Ans. Initially, it wasn’t difficult for me to strike a balance between the two. However in ninth grade, I joined other classes for academic purposes so my routine was pretty hectic. I cut down the number of classes but I couldn’t fathom the idea of completely letting go of karate. In ninth and tenth grade, I saw some of my friends completely abandoning their sports in order to focus on studying. It shouldn’t be a choice between the two as both those things are complementary. Karate really helped me maintain my peace of mind and helped me relax .

  1. How do you mentally prepare before going to a tournament?

Ans. I made sure that before every competition I was well hydrated and present at the venue at the right time. These two factors made me calm and then I did some breathing and warm up exercises and waited until my turn. It is very important to be calm and aware during the competition but that is only possible if you have practiced and trained with focus. If you are not prepared it is very easy to get all jittery and confused.

  1. How did you deal with set-backs (if any)?

Ans. Everytime I lost a kata or kumite competition, I sat down with my coach who would point out all the necessary areas that needed to be worked on. Once you know where things went wrong then it is easier to deal with the setback. I remember distinctly when I lost a kumite competition in the final round and my coach pointed out that it was mainly because my stamina wasn’t the best due to my lack of practice then. In terms of physical preparation , three things play an important role: technique , conditioning and agility . When you have been training for long , you tend to get good at  technique but as the competition gets tough, you have to make sure that all the other factors are at par. To put in short you have to balance  your ‘ Shin-Gi -Tai’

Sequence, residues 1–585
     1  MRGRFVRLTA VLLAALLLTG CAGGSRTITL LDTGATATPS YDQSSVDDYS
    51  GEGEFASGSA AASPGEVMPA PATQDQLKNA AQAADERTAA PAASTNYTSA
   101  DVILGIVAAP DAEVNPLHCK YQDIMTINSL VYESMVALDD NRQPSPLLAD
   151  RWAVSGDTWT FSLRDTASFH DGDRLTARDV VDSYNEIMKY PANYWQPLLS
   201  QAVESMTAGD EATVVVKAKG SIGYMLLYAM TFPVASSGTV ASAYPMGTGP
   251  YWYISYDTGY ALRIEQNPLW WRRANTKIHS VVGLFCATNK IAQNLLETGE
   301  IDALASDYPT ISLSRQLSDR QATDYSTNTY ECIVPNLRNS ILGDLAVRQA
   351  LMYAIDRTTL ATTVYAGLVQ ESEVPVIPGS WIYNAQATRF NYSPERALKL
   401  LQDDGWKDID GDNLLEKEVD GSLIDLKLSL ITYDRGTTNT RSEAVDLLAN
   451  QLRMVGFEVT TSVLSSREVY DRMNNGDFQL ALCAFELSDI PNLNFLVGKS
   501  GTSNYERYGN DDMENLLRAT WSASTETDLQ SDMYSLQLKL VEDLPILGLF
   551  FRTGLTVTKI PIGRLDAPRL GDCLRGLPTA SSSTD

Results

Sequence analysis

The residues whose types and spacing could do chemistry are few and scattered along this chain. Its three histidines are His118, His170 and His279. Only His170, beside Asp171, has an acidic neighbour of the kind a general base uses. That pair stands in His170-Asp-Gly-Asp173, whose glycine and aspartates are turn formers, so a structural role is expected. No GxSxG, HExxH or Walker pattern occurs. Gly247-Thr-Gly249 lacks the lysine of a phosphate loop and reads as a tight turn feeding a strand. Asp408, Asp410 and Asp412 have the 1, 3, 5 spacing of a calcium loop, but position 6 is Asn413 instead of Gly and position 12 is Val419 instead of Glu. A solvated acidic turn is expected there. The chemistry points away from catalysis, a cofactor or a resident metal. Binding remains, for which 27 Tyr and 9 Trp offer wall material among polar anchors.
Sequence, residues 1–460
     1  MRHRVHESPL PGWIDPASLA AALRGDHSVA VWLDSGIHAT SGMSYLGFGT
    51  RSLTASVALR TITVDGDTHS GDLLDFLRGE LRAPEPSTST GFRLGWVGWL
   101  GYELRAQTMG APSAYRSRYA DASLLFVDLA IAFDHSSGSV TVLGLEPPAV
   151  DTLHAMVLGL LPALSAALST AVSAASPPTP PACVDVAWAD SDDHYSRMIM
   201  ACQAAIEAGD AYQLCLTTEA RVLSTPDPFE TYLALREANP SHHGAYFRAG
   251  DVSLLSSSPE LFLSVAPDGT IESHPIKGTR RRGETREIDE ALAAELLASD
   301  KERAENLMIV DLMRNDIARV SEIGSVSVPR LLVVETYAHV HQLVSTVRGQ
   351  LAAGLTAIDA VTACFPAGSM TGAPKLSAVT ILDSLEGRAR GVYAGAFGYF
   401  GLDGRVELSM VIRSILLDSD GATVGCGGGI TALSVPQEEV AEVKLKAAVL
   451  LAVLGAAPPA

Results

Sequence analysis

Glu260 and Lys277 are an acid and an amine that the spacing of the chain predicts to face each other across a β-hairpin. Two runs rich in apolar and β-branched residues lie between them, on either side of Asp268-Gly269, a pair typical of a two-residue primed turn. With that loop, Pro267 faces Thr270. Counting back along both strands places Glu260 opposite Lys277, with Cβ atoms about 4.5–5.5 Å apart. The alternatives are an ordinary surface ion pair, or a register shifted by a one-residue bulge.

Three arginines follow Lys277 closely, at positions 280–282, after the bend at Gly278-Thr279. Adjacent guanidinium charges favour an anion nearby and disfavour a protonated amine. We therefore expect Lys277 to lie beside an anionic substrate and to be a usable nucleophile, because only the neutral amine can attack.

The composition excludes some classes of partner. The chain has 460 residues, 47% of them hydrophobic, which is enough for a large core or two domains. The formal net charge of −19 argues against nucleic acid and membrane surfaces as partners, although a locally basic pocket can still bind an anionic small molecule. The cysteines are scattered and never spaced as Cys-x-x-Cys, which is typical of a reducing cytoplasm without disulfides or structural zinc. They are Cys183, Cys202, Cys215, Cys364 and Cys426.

1. What was the most challenging moment throughout the time you played?

Ans. I twisted my ankle pretty badly in 11th standard so I had to let go of practice and competitions for quite a few months. I have never injured myself very severely but it is distressing to miss practice due to the same. It was a difficult time for me because when you are injured you have moments when you  wonder if you can ever get back. Injuries are the absolute worst but you just have to give your body the time to heal.

  1. Is it important to start at a young age or can the lack of experience be compensated for?

Ans. I don’t think anyone is too old to take up karate lessons. It is a great sport that helps you strike a balance between your body and mind. With discipline and patience, anyone can take up karate. I don’t think anyone is ever too late to challenge themselves or to learn self defense.

  1. What is a special positive about karate?

Ans. Karate is a great sport to build strength, stamina, balance, and speed. Also, your reflexes get sharper with practice. By honing your karate skills, you are honing our own spirit or attitude. Eliminating weak and indecisive motions in your technique in a way aids the elimination of weakness and hesitation in your minds and I think that is what makes karate so special.

Paras Madhuram Jasrasaria

S.Y. B.Sc.Economics